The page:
5 reasons I ignore people who tell me how Adoption did not work out in their family

Smriti Gupta
3 min readMay 4, 2020


Few months back, my colleague and I got invited to a ladies’ luncheon to talk about our work in the child protection space. As soon as the talk got over, one lady approached my colleague and jumped into a story about how her nephew was adopted and how it had not worked out well for their family. While my colleague dealt with her, I quietly escaped to find better conversations. I neither have any interest in hearing a relative or parent complain about adoption, nor do their complaints worry me about adoption. And here are 5 reasons why you shouldn’t worry about it either.

1) We don’t know how the kids were raised

Once a woman anonymously mentioned that her mother (i.e. the grandmother) always favoured the biological granddaughter over the adopted one when they visited the grandmother. This woman wondered how to handle this situation since it had been going on for years. I remember freaking out when I heard this question. This had been going on for years? Why hadn’t the woman stopped the grandmother from meeting the granddaughters unless the grandmother improved? How much emotional damage had been caused to the adopted child? After calming myself down, I answered her, but it was a reminder to me that we don’t know anyone’s life. We don’t know how the child was raised and protected after his/her adoption. So it’s not the child or adoption; if we need to have a conversation, it should be about parenting.

2) People are judgemental about adopted kids but not biological kids

Every time someone says, “I know one adopted kid who did this,” I want to reply, “I know thousands of biological kids who did worse than that.” Every single one of us has probably heard parents complain about their teenagers but not a single one would say, “I think me giving birth to this kid is the problem.” So why do we keep saying “I think this kid being adopted is the problem”?

Kids are tough. All of them. We need fairness in our eyes to view the toughness equally. Will adopted kids go through emotional upheaval at some point in their lives because adoption is an emotionally charged topic? Maybe. Will most kids go through emotional upheaval at some point in their lives because that’s how humans work. Yes. So let’s not judge any kid, including the adopted ones.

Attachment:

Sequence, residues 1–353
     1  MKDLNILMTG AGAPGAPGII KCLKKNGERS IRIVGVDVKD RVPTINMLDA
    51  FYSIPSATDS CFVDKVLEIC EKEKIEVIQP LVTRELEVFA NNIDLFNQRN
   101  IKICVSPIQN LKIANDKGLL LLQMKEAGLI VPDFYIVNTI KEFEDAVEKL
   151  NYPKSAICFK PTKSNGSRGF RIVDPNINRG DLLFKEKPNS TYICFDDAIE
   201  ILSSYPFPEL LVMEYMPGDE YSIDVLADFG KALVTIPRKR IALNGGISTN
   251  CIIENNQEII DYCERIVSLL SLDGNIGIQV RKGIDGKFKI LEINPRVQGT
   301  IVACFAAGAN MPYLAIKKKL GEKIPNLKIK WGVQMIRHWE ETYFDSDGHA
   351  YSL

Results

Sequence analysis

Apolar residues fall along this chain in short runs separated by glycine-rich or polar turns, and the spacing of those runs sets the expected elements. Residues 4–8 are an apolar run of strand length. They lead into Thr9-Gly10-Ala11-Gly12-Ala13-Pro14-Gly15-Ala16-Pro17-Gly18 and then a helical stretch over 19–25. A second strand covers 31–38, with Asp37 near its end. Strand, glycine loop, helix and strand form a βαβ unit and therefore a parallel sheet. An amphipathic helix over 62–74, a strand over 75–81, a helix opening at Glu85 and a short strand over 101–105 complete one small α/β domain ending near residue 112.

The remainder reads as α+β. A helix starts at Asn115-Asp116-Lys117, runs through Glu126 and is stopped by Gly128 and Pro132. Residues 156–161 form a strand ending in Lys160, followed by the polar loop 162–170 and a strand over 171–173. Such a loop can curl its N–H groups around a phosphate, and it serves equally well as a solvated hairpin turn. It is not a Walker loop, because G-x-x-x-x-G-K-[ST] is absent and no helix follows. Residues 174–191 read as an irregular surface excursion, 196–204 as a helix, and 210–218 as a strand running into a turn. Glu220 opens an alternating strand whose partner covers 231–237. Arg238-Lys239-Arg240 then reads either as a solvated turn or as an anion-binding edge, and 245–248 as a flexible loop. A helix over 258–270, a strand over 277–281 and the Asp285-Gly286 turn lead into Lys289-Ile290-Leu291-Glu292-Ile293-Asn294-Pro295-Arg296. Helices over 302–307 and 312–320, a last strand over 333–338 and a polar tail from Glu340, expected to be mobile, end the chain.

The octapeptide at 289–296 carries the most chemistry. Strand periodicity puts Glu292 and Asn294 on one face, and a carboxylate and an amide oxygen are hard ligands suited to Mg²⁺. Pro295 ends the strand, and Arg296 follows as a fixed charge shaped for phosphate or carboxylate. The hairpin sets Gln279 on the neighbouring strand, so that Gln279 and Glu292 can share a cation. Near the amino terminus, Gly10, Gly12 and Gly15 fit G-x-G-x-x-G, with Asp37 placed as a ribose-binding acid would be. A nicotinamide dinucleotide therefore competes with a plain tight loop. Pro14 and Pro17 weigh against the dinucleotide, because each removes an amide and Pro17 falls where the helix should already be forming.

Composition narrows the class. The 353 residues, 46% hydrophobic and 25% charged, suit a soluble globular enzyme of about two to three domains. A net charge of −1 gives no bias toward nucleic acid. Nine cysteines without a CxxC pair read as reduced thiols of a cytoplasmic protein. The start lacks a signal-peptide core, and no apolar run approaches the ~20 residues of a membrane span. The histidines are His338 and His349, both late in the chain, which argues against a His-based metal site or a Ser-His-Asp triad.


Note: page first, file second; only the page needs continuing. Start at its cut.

3) If parents are saying such things, it shows their own bias

Hypothetically speaking, let’s say your kids give you an exceptional amount of grief. Would you go around telling people how awful your kids are, and how you shouldn’t have given birth to them in the first place? Most of you won’t. Because at the end of the day, they are your kids and you will give them a certain amount of respect, privacy, and love, even in the most difficult of times.

So what does it say about a parent if they go around telling people that they shouldn’t have adopted in the first place because their kid is making their life difficult? It’s not the kid; it’s this type of parent that scares me.

4) Every kid deserves a family

My daughters need and deserve a caring family. Every child on Earth needs and deserves a caring family. So whatever scary adoption story a relative or parent may tell, the bottomline is that a child’s right to family and our own belief and confidence in adoption, should always take precedence over someone else’s complaints and scaremongering.

5) Adoptive families have more resources and support now

If I ever have an adoption related parenting question, I can think of ten sensible adoptive families I can talk to. I don’t think this was the case for adoptive parents even in the recent past — adoption misinformation was rampant and people likely didn’t have anyone to talk them through a tricky situation. Times are thankfully different now. More resources and more support means people can now parent with more credible knowledge.

Parenting is tough no matter what, so instead of envisioning and fretting about all the challenges, why not deal with the challenges for something as life-changing as Adoption.

Here are all the articles and videos that I have created about adoption in India.



Smriti Gupta

Adoption Writer. Child Rights Campaigner. I mostly write about Adoption, and sometimes about Parenting and Social Issues. Co-founder at www.waic.in